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Canada: A People’s History

Year 2000
Run Time 150min
Genre Documentary

Dramatic and gripping, this popular series illustrates pivotal moments in Canada’s history, bringing a compelling intimacy to grand, historic developments. From the stories passed down through oral tradition to the first encounters between Indigenous peoples and Europeans, through the battles that engulfed the continent and the formation of the Dominion of Canada in 1867, to the modern era of feminism, multiculturalism and globalization, this captivating series brings to life the moments that have shaped our nation, telling Canada’s story through the eyes of the people who lived it.

Canada: A People’s History won the Gemini Award for Best Documentary Series and attracted over 14 million viewers. It is a collaborative production between the CBC and Radio-Canada and is available in both English and French.

Students can explore Canadian history further by delving into the series’ award-winning website (, which features behind-the-scenes footage, games, puzzles, lesson plans and links to other historical resources.

Each 105 minute episode is made up of several 10-to-15-minute segments, which can be shown independently. For a more detailed breakdown of the topics covered in each episode, please see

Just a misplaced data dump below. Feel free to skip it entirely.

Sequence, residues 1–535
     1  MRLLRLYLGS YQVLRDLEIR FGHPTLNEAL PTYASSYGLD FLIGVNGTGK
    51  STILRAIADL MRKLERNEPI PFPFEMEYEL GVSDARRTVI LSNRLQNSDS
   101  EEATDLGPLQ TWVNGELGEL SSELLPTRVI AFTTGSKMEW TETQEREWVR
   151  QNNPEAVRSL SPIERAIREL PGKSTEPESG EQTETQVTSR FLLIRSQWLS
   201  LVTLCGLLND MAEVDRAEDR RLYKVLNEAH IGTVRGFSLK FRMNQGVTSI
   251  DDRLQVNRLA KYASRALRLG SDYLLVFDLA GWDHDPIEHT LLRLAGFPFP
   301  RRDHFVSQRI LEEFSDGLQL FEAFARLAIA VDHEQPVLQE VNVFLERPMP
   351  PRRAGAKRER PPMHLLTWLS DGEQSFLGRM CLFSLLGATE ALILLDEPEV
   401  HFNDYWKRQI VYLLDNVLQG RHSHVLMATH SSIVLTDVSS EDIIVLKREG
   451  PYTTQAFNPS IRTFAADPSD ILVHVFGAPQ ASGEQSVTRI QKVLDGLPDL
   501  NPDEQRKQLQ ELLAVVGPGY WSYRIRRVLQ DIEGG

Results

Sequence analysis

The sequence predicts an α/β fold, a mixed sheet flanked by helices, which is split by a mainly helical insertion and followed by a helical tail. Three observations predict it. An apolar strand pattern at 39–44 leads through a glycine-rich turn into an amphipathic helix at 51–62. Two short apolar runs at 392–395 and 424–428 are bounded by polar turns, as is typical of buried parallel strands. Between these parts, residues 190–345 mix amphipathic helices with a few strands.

SERIES 1: 15,000 B.C. to 1800 A.D. For centuries, the territory now known as Canada is home to over 50 Indigenous nations, each with unique traditions and culture. In the 16th century, European explorers arrive, creating Canada’s first colonies, and forever changing the landscape and the lives of the First Peoples.

SERIES 2: 1670 to 1873 By the 1800s, British exploration opens the West to settlement, laying the foundation of a new nation, but also displacing and devastating Indigenous inhabitants. Confederation soon follows, with the creation of the Dominion of Canada in 1867.

SERIES 3: 1873 to 1940 Canada’s early years are fraught with economic depression, rebellions and tension between English- and French-speaking Canadians. Immigration, rapid growth and sociopolitical change follow, ending abruptly with World War II, a pivotal moment in Canada’s quest for autonomy that comes at the enormous cost of 60,000 lives.

SERIES 4: 1940 to 1990 The end of the Great Depression and the flames and ravages of World War II give way to a new era of peace, progress and prosperity, as well as free trade, globalization, feminism, Indigenous land claims, multiculturalism, Québec nationalism and the explosion of computer technology.



Hubert Gendron, Mark Starowicz, Gene Allen


Mark Starowicz




History, Social Justice & Politics

Original Languages

English, French

Canadian Distributor